Regulations Governing Tax Credit for Businesses Investing in Motion Picture Production Enterprises for Production of Domestically Produced Motion Pictures Q&A


Regulations Governing Tax Credit for Businesses Investing in Motion Picture Production Enterprises for Production of Domestically Produced Motion Pictures Q&A

1. What is the tax credit for motion picture investment?

A: The Regulations Governing Tax Credit for Businesses Investing in Motion Picture Production Enterprises for Production of Domestically Produced Motion Pictures are part of a government initiative to stimulate investment in the domestic motion picture industry. Simply speaking, the policy allows for a 20% tax deduction on paid-in capital investment of NT$30 million or more in newly established motion picture companies. That is, after investors have invested the requisite capital and held the stock for three years, beginning in the fourth year, 20% of the initial NT$30 million investment (e.g., NT$6 million) can be credited against business income taxes over the next five years. Of course, the tax credit rate is not determined arbitrarily; it is determined according to existing tax legislation.

2. How does one apply for the tax credit? 

A: The aforementioned Regulations are new and, to date, no company has applied for the tax credit. However, the application procedure will generally follow the existing model for high-tech and newly emerging industry tax credit procedures.

The procedure will basically be divided into two stages. The first stage is the application by the motion picture production company to the Government Information Office (GIO). Application materials to be submitted include licenses, investment plans, credentials, time frames, etc. For newly established companies, applications must be submitted within six months of company registration. Expanded companies must submit applications within six months of company registration amendment. After these documents have been prepared, they will be reviewed by a committee established by the GIO and comprised of experts and academic consultants. If approved, the GIO will issue an approval letter, a copy of which must be given to the Taxation Agency of the Ministry of Finance. The Taxation Agency will use this letter as the basis for verifying tax credit eligibility.

The second stage begins when the NT$30 million capital has been spent to produce the motion picture(s). After completion of filming, the company can then apply to the GIO for certification. The certification process is the same as the process for the initial approval: applications will be reviewed by a committee, and, if approved, a certification letter will be issued. Again, a copy of the certification letter must be given to the Taxation Agency. From the Taxation Agency’s perspective, as long as a company holds the requisite approval letter, the company is eligible for the tax credit. If the motion picture is not completed, the Taxation Agency will seek to recover any tax credits previously given to the production company. One point worth noting is that despite the NT$30 million minimum, a production company is not limited in the number of motion pictures it produces with it. In other words, a production company can produce more than one film with the investment and not affect its tax credit eligibility status.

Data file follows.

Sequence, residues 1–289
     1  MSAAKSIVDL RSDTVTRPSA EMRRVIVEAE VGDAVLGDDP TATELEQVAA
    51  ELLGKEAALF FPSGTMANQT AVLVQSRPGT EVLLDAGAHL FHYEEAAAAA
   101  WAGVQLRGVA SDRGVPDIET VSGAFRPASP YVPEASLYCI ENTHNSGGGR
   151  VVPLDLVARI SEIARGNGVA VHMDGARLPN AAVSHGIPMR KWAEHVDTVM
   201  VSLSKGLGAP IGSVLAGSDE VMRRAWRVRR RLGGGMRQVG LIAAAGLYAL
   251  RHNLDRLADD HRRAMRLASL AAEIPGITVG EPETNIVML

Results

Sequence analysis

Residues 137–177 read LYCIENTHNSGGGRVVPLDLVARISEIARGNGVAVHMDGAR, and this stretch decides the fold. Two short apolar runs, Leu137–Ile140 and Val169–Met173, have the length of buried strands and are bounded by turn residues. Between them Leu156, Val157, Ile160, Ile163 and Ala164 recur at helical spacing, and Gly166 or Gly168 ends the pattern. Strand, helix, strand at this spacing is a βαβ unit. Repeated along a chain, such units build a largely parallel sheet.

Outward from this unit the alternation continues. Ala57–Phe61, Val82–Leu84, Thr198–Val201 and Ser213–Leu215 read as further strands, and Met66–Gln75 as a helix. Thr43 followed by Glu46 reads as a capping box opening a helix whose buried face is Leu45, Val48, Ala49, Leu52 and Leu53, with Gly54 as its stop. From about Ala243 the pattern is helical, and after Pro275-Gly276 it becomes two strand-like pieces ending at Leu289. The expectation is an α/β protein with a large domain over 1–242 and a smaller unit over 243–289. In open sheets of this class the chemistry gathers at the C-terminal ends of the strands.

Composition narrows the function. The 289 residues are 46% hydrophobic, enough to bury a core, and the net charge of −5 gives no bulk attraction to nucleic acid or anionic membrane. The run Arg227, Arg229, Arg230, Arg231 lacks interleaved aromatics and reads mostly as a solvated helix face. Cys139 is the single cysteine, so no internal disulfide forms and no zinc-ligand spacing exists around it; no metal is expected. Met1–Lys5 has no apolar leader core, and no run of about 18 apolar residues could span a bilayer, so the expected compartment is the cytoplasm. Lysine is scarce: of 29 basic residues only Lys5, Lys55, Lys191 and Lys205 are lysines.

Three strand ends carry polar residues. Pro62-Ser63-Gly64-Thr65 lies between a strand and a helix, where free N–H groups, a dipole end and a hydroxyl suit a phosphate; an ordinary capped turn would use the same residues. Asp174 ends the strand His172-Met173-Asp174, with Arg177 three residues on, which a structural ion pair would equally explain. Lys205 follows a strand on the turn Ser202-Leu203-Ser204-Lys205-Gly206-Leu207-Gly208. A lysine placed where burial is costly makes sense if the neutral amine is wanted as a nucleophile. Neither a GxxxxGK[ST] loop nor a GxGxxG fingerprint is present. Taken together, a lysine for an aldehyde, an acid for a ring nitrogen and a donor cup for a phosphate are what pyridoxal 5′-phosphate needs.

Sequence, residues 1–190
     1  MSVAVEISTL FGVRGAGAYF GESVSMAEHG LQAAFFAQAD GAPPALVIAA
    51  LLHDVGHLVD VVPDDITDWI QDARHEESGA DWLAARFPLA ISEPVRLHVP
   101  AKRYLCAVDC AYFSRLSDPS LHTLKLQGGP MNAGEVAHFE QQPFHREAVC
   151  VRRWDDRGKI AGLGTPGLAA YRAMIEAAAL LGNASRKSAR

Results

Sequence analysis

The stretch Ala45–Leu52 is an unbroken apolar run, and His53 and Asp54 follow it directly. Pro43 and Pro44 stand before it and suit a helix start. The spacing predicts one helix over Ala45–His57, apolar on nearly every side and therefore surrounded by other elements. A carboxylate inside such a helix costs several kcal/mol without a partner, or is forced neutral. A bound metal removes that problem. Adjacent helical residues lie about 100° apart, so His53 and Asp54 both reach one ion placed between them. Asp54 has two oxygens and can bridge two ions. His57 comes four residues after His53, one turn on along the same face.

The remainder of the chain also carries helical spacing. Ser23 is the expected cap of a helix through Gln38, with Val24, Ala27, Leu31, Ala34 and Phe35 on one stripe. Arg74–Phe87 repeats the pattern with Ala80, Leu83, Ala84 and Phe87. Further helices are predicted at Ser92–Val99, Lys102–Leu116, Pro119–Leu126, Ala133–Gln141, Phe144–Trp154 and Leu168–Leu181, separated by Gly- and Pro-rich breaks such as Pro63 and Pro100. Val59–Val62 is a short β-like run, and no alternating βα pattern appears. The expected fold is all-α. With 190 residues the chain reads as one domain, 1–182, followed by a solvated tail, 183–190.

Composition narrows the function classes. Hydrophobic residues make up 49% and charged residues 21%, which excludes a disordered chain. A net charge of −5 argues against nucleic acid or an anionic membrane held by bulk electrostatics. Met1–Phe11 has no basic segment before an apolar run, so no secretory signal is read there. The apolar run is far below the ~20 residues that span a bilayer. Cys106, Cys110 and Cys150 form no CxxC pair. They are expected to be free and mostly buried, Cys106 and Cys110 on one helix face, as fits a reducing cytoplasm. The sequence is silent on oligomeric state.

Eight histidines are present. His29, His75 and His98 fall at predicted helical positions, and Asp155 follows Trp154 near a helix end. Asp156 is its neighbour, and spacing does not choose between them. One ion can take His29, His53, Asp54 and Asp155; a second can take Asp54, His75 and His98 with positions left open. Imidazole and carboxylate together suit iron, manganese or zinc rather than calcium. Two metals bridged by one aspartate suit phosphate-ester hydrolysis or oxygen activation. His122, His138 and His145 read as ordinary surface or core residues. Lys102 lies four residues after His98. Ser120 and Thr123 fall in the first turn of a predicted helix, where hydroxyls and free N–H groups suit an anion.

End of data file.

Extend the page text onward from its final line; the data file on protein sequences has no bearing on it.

3. What if NT$30 million is not enough to complete a film? If the NT$30 million initial paid-in capital investment is exceeded and additional investment is required, will the additional portion also be eligible for the tax credit?

 A: Yes. Expanded investment is also eligible for the tax credit.

4. Could you explain more about the Regulations?

A:
Investors’ questions can generally be divided into three categories. First, investor tax credit: investors who make this kind of investment can calculate eligibility for the tax credit according to their investment ratio, that is, the ratio of investment can be used to calculate the rate of eligibility for the income tax credit. Second, tax credit for corporate shareholders: large corporations have to pay considerable taxes. Investing in a motion picture production not only helps to support local culture and the arts, it also provides a way for companies to enhance their reputation and enjoy tax deductions. Therefore, the policy provides a win-win opportunity for corporate investors.

Shareholders can deduct 25% of business income tax and 10% of pending tax on undistributed earnings. Third, investors must place investments in motion picture production. These three points are the core spirit and essence of the Regulations Governing Tax Credit for Businesses Investing in Motion Picture Production Enterprises for Production of Domestically Produced Motion Pictures.

5. Is investment from China eligible for the tax credit?